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Toshiba, Samsung show 1Gb Flash designs

Posted: 07 Feb 2002 ?? ?Print Version ?Bookmark and Share

Keywords:toshiba? samsung electronics? samsung? flash memory? flash?

Serial Flash reached the gigabit density at the International Solid-State Circuits Conference, where Toshiba Corp. and Samsung Electronics Co. Ltd each described 1Gb NAND Flash designs on Monday (Feb. 4).

Both companies based their designs on 0.135m process technology, which is now coming into widespread use for memory manufacturing. Neither said when commercial production of their respective devices would begin.

Such devices, mounted one on each side of a typical memory card used in a digital still camera or portable audio system, would provide 256MB of storage.

Samsung engineer Jun Lee described his company's 32-bank design with a center-placed row decoder that supports a 1KB option. With a 2KB page size, the program throughput is rated at 7MBps. That provides a 75 percent improvement in the time needed by previous NAND Flash to program unwieldy 512KB pages, Lee said.

Read throughput is 16MBps in by-8 mode and 27MBps in the by-16 configuration. The cycle time is 50ns at 1.8V operation.

"Voice and moving-image storage requires a very high programming speed, but in high-density devices the charge pump is hard to scale down. We have to use a 20V charge pump even for these low-voltage devices," Lee said.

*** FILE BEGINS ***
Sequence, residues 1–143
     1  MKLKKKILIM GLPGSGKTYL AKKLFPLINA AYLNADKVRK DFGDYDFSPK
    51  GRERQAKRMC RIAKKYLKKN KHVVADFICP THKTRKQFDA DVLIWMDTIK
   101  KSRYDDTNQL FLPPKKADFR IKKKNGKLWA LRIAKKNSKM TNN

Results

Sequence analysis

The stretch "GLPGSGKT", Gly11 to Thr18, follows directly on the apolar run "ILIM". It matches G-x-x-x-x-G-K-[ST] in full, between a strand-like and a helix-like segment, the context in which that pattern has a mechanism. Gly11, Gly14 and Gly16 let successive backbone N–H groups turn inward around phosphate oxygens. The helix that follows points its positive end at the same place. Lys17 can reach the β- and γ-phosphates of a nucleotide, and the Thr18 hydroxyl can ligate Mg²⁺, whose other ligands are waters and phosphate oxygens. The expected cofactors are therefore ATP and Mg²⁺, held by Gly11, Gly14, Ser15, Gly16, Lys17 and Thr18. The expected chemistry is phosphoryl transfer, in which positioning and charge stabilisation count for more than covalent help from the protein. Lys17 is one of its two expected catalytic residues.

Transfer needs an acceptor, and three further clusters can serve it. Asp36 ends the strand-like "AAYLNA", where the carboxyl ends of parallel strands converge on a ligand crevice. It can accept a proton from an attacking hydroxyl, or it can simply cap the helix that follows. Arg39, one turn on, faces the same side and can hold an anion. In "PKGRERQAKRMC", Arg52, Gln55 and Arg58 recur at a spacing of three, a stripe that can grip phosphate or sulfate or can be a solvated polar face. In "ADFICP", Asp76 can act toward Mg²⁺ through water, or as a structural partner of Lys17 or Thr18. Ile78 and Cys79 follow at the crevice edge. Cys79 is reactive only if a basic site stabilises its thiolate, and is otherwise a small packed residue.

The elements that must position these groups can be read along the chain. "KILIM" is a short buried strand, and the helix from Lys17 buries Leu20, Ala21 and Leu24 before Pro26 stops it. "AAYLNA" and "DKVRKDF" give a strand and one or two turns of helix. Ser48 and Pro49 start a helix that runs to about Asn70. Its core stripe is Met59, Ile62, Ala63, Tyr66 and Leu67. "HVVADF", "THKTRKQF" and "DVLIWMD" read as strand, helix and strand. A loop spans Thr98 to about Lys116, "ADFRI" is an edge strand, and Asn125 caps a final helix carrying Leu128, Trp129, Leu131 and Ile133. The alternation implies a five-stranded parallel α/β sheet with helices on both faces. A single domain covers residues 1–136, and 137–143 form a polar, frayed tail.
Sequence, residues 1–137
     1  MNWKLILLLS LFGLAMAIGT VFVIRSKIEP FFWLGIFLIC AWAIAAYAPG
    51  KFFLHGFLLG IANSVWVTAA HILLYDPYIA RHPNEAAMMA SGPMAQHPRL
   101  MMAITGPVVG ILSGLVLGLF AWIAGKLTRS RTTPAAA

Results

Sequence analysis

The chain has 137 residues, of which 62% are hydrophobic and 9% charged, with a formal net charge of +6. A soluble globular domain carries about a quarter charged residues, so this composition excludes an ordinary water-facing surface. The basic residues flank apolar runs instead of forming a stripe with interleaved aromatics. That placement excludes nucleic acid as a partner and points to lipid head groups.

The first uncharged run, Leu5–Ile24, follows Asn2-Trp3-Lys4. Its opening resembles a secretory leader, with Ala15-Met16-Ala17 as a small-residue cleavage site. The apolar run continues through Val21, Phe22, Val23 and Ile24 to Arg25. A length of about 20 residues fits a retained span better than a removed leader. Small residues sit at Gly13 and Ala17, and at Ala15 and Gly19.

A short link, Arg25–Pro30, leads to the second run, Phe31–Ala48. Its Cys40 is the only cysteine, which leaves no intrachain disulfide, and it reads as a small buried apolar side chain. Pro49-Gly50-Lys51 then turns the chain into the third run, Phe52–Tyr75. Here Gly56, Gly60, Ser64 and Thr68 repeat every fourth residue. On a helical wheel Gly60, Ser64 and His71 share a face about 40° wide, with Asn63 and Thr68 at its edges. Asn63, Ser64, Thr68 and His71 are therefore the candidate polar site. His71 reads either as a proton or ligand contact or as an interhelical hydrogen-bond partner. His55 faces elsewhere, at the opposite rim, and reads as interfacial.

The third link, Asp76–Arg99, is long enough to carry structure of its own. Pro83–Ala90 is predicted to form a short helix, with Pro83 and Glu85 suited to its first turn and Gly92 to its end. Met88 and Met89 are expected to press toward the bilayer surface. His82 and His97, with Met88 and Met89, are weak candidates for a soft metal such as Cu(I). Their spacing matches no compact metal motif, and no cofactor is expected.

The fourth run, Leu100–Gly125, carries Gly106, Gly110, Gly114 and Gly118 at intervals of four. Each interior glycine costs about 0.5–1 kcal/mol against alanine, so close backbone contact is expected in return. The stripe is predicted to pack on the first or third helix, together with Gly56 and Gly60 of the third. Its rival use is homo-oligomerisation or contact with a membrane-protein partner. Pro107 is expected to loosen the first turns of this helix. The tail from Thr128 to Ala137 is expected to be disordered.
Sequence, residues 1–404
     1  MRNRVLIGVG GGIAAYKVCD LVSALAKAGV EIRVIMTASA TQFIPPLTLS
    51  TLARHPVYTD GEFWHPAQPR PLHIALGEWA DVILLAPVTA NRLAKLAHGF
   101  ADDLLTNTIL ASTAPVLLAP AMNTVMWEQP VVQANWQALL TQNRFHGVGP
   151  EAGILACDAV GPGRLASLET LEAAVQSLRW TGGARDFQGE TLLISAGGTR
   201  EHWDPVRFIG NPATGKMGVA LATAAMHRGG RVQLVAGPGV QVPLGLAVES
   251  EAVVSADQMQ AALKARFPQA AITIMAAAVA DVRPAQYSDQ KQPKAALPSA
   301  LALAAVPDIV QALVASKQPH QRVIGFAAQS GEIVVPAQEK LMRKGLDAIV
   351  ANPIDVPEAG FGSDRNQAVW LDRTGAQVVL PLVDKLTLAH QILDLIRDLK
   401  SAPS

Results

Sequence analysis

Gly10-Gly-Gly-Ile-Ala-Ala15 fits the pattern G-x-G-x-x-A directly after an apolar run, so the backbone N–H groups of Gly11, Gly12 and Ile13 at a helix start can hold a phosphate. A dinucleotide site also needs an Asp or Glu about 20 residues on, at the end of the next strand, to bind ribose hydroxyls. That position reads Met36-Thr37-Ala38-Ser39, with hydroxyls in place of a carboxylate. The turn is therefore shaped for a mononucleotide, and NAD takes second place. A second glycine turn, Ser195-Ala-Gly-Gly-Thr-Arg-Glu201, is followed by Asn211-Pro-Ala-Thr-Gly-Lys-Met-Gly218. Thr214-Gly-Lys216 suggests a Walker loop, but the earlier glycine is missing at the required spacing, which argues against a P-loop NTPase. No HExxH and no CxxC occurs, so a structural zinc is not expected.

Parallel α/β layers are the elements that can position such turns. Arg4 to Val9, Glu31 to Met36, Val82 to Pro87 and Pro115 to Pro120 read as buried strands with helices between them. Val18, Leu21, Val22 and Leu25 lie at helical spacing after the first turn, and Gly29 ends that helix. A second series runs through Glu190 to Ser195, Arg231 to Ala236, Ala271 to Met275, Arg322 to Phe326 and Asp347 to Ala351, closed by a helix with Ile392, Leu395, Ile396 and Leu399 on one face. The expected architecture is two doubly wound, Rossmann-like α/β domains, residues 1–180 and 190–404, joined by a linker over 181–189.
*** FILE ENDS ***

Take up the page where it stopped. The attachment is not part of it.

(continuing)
Samsung's design is based on a 1.8Vdd, and the company's engineers developed a new charge pump based on a series of diodes to boost the 1.8V to 20V for programming. Samsung created the diodes from the typical PMOS transistors used in the CMOS process.

Samsung also employed a programming cache that enables the next page data to load while the current page mode is in operation. While Lee did not reveal the die size, he said the cell size is 76nm2 on a 0.125m process.

Toshiba design manager Ken Takeuchi said the area efficiency of Toshiba's 1Gb is double that of the company's 512Mb NAND Flash, with a cell size of 77nm2 and a die size of 125mm2 on a 130nm process. The chip operates on a 2.7V supply.

Toshiba implemented a write cache architecture that supports a 10.6MBps fast programming time, and a 20MBps read time, supported by a cache read function. The page size can vary from 512KB down to 2KB.

While cell programming normally requires four cycles of 50ns each, or 200ns, Takeuchi said that most cells can be programmed in three cycles. "Only a very small portion of the programs take four cycles," he said.

David Lammers

EE Times

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